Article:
Rational thinking can get you out of anything if you want it to. Stop thinking rationally and start thinking Spiritually.
Throw out the notion that your house, your hair, your figure, … anything in your life needs to be perfect. People don’t want perfection, they want real and transparency.
5) What is the goal of being hospitable?
The goal of having a hospitable heart is to glorify God and reflect the love of Jesus to others. We need to be careful that we are doing it as unto the Lord, otherwise it will become a burden instead of a joy. 1 Peter 4:9 says to show hospitality to one another without grumbling.
6) How can being hospitable change everything?
It Can Avoid Depression – Think about the times when you just want to be alone. You don’t want anyone to help you and you don’t want to help others. This attitude can creep in and cause depression. Being others-minded can prevent the slippery slope of a state of depression.
It Gets You Out Of Your Comfort Zone – Getting out of your comfort zone is a good thing. You never know where God will take you in life when you simply obey and trust Him and His perfect ways.
It Could Provide Lifelong Friendships – Do you know what we all need? Friendship. Having a hospitable heart can user in some life-long-kindred-spirit relationships. Have you ever been friendly just because it was the right thing to do, but never imagined you’d have anything in common with the person, and then it turns out that you have everything in common and it blossoms into an amazing friendship? Yeah, that.
It Will Mean Blessings Will Overflow – God will bless you above and beyond what you could think or imagine when you show others hospitality. You are doing the very think God commanded… Love the Lord your God first, and love your neighbor as yourself. Think about how much you love and cherish pampering your own body. When you get hurt, you seek to heal it. When you get tired, you desire rest and relaxation. When you get discouraged, you desire hope and encouragement. Do the same for others. It will cost you something, but it will be so worth the cost.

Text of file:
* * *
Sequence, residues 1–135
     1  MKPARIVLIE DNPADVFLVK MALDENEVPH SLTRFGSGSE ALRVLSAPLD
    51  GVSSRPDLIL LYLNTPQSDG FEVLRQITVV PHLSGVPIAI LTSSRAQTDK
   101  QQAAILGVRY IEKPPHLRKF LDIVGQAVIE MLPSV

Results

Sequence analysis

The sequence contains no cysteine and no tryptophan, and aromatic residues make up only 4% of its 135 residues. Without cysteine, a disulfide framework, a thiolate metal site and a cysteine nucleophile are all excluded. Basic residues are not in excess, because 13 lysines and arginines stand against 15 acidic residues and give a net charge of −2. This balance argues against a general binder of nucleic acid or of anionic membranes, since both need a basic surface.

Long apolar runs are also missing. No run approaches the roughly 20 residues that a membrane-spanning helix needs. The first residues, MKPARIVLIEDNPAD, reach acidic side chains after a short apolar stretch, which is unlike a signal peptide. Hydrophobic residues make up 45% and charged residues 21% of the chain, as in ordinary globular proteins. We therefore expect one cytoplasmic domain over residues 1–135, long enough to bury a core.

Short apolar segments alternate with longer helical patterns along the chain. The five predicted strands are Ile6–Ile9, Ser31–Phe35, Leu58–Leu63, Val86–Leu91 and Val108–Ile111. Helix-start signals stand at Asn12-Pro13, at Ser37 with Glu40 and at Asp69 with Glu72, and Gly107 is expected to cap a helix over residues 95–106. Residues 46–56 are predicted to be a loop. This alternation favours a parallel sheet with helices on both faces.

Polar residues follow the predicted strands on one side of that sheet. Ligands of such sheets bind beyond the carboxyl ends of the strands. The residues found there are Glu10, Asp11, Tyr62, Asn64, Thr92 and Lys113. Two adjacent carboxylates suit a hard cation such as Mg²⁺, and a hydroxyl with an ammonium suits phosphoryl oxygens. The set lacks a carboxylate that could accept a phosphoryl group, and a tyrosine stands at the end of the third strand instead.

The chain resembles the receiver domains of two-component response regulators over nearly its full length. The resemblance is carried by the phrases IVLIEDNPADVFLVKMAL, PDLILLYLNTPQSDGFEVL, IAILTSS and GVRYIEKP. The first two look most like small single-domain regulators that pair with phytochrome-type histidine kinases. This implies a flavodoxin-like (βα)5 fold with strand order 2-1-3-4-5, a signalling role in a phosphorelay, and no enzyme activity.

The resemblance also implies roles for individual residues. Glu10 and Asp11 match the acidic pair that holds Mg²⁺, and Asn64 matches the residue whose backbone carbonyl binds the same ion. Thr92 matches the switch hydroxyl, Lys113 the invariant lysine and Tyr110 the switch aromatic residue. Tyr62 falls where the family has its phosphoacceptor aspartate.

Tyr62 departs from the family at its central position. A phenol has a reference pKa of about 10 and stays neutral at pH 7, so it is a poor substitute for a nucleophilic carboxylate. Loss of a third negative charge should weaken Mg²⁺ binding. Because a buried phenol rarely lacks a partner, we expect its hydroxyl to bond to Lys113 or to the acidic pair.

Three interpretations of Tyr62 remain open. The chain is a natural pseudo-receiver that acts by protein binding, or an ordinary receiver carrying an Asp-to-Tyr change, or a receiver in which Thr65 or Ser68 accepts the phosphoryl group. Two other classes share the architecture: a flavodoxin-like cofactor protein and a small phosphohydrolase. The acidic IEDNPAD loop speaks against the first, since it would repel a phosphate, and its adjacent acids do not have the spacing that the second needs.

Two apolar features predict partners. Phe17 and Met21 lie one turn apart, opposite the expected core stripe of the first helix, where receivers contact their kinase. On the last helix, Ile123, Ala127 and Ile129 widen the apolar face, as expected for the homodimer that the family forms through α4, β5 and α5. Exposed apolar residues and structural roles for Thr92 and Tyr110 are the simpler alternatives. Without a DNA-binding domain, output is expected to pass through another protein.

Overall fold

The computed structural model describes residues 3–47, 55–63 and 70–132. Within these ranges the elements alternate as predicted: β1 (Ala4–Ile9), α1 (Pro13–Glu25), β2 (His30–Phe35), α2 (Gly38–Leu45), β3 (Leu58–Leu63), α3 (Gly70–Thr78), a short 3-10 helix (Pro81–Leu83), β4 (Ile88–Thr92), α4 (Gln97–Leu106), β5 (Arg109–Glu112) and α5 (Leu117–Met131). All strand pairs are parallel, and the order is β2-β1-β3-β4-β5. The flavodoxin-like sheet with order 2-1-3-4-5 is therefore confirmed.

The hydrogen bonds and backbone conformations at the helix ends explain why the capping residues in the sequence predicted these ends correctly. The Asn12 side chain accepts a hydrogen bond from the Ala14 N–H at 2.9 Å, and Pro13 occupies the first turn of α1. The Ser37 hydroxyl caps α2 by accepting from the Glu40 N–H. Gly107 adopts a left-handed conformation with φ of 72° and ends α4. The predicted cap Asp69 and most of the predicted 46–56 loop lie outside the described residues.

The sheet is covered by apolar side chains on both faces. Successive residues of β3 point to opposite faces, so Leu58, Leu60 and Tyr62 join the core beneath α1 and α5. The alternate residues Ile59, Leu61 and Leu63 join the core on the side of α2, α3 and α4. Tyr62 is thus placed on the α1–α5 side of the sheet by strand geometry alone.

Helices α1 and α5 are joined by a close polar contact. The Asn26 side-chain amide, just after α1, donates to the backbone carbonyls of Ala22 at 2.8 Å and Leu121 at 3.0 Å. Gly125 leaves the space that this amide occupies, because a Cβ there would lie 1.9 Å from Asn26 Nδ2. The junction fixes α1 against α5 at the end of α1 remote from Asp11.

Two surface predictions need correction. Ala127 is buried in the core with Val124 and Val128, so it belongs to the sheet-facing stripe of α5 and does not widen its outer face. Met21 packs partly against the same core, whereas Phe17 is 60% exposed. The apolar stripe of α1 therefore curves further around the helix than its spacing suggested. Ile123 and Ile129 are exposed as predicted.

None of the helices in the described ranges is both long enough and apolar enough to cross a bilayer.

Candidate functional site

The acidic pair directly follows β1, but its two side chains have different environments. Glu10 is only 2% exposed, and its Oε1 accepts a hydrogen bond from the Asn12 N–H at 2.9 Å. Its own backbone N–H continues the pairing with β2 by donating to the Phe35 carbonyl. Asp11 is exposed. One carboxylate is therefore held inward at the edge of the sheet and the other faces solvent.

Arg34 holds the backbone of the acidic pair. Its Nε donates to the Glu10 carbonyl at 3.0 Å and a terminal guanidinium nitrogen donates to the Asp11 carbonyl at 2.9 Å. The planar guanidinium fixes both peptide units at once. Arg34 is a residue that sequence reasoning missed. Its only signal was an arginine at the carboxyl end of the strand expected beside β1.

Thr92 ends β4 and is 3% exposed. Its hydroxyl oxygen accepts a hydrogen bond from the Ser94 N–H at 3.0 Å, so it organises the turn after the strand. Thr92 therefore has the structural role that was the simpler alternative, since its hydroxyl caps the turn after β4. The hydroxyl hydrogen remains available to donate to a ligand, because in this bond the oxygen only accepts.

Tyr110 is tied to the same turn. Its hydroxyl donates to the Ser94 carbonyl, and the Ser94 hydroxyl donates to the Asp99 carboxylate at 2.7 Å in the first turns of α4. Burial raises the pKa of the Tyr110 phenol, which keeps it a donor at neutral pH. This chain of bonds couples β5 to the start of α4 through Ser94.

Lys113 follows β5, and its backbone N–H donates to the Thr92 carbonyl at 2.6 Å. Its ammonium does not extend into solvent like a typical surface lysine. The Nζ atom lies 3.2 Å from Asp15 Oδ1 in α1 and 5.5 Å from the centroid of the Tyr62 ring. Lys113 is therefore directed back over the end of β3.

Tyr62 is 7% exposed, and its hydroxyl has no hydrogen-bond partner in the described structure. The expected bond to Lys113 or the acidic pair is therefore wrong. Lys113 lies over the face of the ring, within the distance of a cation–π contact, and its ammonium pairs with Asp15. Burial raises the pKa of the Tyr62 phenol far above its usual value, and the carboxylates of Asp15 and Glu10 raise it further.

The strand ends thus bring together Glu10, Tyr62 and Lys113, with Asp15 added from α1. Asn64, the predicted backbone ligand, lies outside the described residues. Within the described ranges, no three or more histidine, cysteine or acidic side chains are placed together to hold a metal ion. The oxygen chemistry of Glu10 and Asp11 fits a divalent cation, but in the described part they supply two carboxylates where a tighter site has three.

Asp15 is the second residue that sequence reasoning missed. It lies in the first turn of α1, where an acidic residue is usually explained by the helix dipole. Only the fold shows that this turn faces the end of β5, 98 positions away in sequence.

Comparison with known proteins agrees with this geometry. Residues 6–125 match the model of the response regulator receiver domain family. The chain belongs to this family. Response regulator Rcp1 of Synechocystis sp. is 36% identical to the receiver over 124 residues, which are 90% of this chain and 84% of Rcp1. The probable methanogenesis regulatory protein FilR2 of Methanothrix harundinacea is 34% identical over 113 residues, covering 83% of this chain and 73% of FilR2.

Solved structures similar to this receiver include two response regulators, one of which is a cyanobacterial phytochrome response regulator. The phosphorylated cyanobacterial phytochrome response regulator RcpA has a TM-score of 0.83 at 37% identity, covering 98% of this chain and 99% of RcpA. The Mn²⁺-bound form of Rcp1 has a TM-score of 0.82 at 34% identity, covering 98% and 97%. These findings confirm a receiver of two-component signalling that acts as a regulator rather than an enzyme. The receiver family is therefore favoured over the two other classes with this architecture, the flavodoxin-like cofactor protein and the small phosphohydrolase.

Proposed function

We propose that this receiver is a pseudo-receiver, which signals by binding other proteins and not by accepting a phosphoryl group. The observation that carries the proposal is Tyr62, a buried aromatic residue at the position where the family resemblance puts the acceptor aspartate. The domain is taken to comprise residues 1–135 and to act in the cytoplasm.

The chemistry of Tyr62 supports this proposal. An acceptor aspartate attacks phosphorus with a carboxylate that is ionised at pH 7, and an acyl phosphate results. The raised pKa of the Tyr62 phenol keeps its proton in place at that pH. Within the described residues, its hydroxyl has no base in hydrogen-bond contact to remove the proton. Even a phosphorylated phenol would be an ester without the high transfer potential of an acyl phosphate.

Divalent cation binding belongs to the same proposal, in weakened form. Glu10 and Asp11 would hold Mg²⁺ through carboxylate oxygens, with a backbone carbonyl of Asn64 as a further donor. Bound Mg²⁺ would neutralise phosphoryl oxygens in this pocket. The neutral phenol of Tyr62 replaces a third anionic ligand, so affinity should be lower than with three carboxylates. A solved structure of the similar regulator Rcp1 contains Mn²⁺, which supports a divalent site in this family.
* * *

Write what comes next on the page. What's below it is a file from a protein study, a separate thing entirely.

6) What are some practical ways you and I can be hospitable today?
- Have that new family over for dinner, even if your house is still dusty and your kids are misbehaving.
- Drive that elderly neighbor to her doctor’s appointment.
- Sit in a different spot at church, and introduce yourself to a guest.
- Smile at others when you drive.
- Pay for someone’s coffee behind you in line and leave a tract.
- Make people feel welcome in your home, no matter how imperfect it may be. They will remember your love and warmth more than a tidy kitchen.
- Bake a meal for a new mommy and deliver it with some fresh flowers.
- Offer to babysit to that mom who may just need time to pee alone without little ankle biters pulling at her legs.
- Visit a widow and simply listen to her. Look her in the eyes and smile. Leave her with a lingering hug.
- Pray for others. Not just say that you are praying, but pray often and with a burdened heart full of compassion.
- Send a snail mail letter of encouragement to a person God lays on your heart.
- Pay attention to others. What do you hear that they like? Keep a notebook and when you are able, surprise them with an unexpected gift that shows you really care.
- Host a bible study in your home.
- Hold a bless-your-missionary party. Make cards and care packages for your missionary families.
- Plant a community garden and share with others.
My daughter has a “fill others bucket board” in her school classroom. When they do something kind for others, they fill their bucket. When others make them feel special or appreciated, they write little notes to thank them for filling their bucket. So go fill someone else’s bucket today, instead of being the hole in their bucket and draining them dry. Life is too short.